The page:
ON THE COVER
Recent papers from Cha et al. (this issue) and Zenonos et al. (July 27 issue) identify cellular targets to block malaria parasite invasion by inhibiting access to the liver via a Kupffer cell receptor and host red blood cell receptors, respectively. Illustration by Emilie Clark (Emilie@emilieclark.com).
See page 1391
- PDF Icon PDF LinkTable of Contents
- PDF Icon PDF LinkEditorial Board
Bournazos, DiLillo, and Ravetch discuss the biology of Fc receptors and their contribution to the effector function of protective antibody responses during infections and in therapeutics.
Brief Definitive Report
Andersen et al. identify a novel genetic etiology of herpes encephalitis in an adult patient carrying a heterozygous loss-of-function mutation in the IRF3 gene. This mutation results in impaired INF production in response to viral infection
Phospholipase D2 drives mortality in sepsis by inhibiting neutrophil extracellular trap formation and down-regulating CXCR2
Lee et al. find that phospholipase D2 deficiency increases survival and decreases organ damage during experimental sepsis in mice which could be reversed with a CXCR2 antagonist. Thus, targeting PLD2 may offer therapeutics for septic patients.
Cha et al. use a phage display library screen to identify a peptide, P39, that binds to CD68 on the surface of Kupffer cells to inhibit malaria sporozoite cell entry. Thus, P39 may represent a therapeutic strategy for malaria by limiting hepatic infection.
While people infected with Leishmania can become refractory to reinfection, human vaccines have not yet been achieved. Glennie et al. identify a population of skin-resident Leishmania-specific memory T cells that produce IFN-γ and recruit circulating T cells to the skin in response to a subsequent parasitic infection. The findings indicate that a successful vaccine may be dependent on generating skin-resident memory T cells for an effective immune response.
Kindlin-3–mediated integrin adhesion is dispensable for quiescent but essential for activated hematopoietic stem cells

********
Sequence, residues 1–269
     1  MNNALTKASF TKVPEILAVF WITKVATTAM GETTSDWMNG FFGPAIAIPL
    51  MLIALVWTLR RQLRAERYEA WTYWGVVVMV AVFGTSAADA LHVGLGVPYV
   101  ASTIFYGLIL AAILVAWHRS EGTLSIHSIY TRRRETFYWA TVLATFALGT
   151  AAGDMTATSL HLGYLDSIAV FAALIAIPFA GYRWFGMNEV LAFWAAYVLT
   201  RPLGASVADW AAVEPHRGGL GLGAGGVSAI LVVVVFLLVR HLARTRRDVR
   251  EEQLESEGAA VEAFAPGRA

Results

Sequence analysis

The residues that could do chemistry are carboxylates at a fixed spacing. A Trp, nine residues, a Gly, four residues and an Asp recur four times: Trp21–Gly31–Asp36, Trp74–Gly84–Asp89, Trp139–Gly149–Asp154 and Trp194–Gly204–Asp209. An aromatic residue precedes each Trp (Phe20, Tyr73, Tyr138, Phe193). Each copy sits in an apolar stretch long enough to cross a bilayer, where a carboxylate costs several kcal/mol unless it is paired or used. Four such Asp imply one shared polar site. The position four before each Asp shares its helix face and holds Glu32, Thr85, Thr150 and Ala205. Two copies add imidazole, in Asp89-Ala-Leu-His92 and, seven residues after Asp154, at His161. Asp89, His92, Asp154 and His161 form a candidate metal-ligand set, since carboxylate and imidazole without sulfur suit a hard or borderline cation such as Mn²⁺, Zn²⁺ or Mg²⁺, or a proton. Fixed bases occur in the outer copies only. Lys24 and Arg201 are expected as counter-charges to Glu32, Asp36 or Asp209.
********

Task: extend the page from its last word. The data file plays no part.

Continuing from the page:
Ruppert et al. report that Kindlin-3–mediated integrin activation controls homing of hematopoietic stem cells (HSCs) to the bone marrow (BM) and the retention of activated, but not quiescent, HSCs in the BM niche.
FLT1 signaling in metastasis-associated macrophages activates an inflammatory signature that promotes breast cancer metastasis
Qian et al. show that the receptor tyrosine kinase FLT1 is highly expressed in a subset of macrophages enriched in breast cancer metastatic sites. Inhibition of this kinase reduces metastasis to the lungs by blocking signaling via focal adhesion kinase 1 to an inflammatory state in the macrophages centered on signaling from the macrophage growth factor, colony stimulating factor-1.
Interleukin 27R regulates CD4+ T cell phenotype and impacts protective immunity during Mycobacterium tuberculosis infection
Loss of IL-27R on T cells results in increased protection from Mycobacterium tuberculosis. Torrado et al. demonstrate that IL-27R−/− T cells show improved fitness that is associated with decreased expression of cell death molecules, maintenance of IL-2 production, and preferential accumulation in the lung parenchyma and around infected macrophages.
CNOT3 contributes to early B cell development by controlling Igh rearrangement and p53 mRNA stability
Inoue et al. report that CNOT3, a subunit of the CCR4–NOT deadenylase complex regulating mRNA decay and translational repression, controls Igh gene rearrangement and destabilizes the mRNA of the tumor suppressor p53. Loss of CNOT3 results in a block of pro- to pre–B cell transition.